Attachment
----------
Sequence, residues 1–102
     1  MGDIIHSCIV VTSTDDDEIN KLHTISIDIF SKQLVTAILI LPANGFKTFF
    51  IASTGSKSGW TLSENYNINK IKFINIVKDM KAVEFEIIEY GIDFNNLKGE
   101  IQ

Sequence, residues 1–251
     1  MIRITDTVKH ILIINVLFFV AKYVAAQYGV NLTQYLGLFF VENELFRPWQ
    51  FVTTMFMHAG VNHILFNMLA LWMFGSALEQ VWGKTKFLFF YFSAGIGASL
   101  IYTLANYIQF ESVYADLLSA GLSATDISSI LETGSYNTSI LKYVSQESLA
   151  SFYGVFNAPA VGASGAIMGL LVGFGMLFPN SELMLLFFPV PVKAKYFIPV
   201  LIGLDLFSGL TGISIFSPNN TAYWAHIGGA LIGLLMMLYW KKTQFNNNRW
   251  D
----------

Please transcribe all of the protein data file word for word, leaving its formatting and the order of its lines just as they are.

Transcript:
Sequence, residues 1–102
     1  MGDIIHSCIV VTSTDDDEIN KLHTISIDIF SKQLVTAILI LPANGFKTFF
    51  IASTGSKSGW TLSENYNINK IKFINIVKDM KAVEFEIIEY GIDFNNLKGE
   101  IQ

Sequence, residues 1–251
     1  MIRITDTVKH ILIINVLFFV AKYVAAQYGV NLTQYLGLFF VENELFRPWQ
    51  FVTTMFMHAG VNHILFNMLA LWMFGSALEQ VWGKTKFLFF YFSAGIGASL
   101  IYTLANYIQF ESVYADLLSA GLSATDISSI LETGSYNTSI LKYVSQESLA
   151  SFYGVFNAPA VGASGAIMGL LVGFGMLFPN SELMLLFFPV PVKAKYFIPV
   201  LIGLDLFSGL TGISIFSPNN TAYWAHIGGA LIGLLMMLYW KKTQFNNNRW
   251  D